Hi, my name is Morgan, and I’m a chronic self-editor.
Sometimes it can take me hours to fill the blank space of one page. Why? After every sentence—nay, after every phrase—my inner editor obsessively reviews those words and gets to work on trying to make them sound better.
Rough drafts? Please. I’m churning this thing out perfectly the first time. Because honestly, the thought of spitting out a rough draft with cringy word choice and half-baked thoughts makes me want to swan dive off a cliff.
But I am now learning to embrace my bad writing.
Unfiltered first drafts are generally dumpster fires, don’t get me wrong. However, I believe they are an important part of the creative process. Allowing yourself to just write establishes a steady flow of words that may contain a “gold nugget” of inspiration or take you in an unexpected direction.
Probably the most “freeing” piece of creative writing I’ve done was in seventh grade when everyone was forced to participate in NaNoWriMo (National Novel Writing Month). Getting 25,000 to 50,000 words within a month is no easy feat for a seventh grader (or lots of other people… let’s be real). I had no choice other than hopping into my story’s unknown, dark abyss.
And wow, did I write.
Of course, I don’t plan on those words ever seeing the light of day. But that experience made me later realize that messy and imperfect drafts are okay.
During high school and the beginning of college, my inner editor made itself at home in the creative part of my brain. Unlike my NaNoWriMo experience, now people were going to see my words. And critique them. The pressure for perfectionism caused me to rarely produce an actual “rough” draft.
But I gradually realized that my inner editor was slowing me down and causing writer’s block. I remembered how freeing NaNoWriMo felt and started giving myself permission to be a bad writer. This change in mindset was instrumental in the development of one of my favorite characters from a short story I wrote in my Fiction Writing class. I learned a lot more about him than I probably would have otherwise.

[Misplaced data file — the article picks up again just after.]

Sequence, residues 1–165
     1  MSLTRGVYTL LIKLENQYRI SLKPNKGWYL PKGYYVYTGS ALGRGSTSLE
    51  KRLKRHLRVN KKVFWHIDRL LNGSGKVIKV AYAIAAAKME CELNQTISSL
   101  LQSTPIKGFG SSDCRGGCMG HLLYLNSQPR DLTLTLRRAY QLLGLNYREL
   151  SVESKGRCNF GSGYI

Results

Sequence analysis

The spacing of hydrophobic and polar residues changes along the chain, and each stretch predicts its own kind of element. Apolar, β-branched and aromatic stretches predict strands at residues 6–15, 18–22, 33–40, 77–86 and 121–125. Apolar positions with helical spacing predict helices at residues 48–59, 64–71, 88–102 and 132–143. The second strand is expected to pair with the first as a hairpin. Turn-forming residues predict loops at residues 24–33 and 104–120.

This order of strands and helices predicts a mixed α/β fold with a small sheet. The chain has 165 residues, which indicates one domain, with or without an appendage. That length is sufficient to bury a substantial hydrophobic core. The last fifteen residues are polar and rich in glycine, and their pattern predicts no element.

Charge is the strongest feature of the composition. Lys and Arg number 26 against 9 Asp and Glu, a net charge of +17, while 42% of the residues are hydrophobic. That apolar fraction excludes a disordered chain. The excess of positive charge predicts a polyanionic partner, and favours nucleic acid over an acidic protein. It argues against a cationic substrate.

Kicking your inner editor out during your first draft and—temporarily—locking the door leads to beautiful things. You’ll discover traits about your characters that surprise you. They might make decisions you weren’t planning on, like reading that letter that didn’t belong to them, hesitating before killing that traitor, turning the boat back towards their homeland, or deciding to not run from that zombie. You’ll discover feelings and insights rooted deep inside of yourself that were there but previously unrecognizable. You might decide that “gray-laced heavens” and “frail lightning coats the sunrise” aren’t actually half bad descriptions.
So, how can you be a better bad writer? Here are some strategies I’ve used to keep my inner editor at arm’s length:
Give yourself time, but use it well. Procrastination and imminent deadlines and stress-induced writing can fuel an inner editor’s fire. Take away that power by giving yourself plenty of time to write that story or poem before it needs to be stellar. Allow space for a bad draft and a good draft.
Set a timer. Of course, a little pressure never hurts. Try setting a timer for five minutes and go, go, go. Even if you’re writing, “I don’t know what to write,” the page is being filled, and you’ll eventually find your stride. This eliminates free time to sit there and think about how that last sentence you just wrote is cringy. There will probably be a lot of not-so-great sentences, but there might be one or two that are brilliant or bring out a new or surprising idea for your piece.
Go where the wind takes you. If you usually write chronologically, ignore the impulse and, instead, start where you’re feeling inspired.
Be nice to yourself. Meticulously edited “first drafts” happen out of the fear of not being perfect the first time. What a crazy expectation! Remember that all first drafts suck, and that’s okay.
Learning to let yourself be a bad writer takes time but is well worth it. So get that horrible first draft out with reckless abandon! And when you’re ready, unlock the door and let your inner editor back in. They’ll probably have lots to say, but you’ll be ready.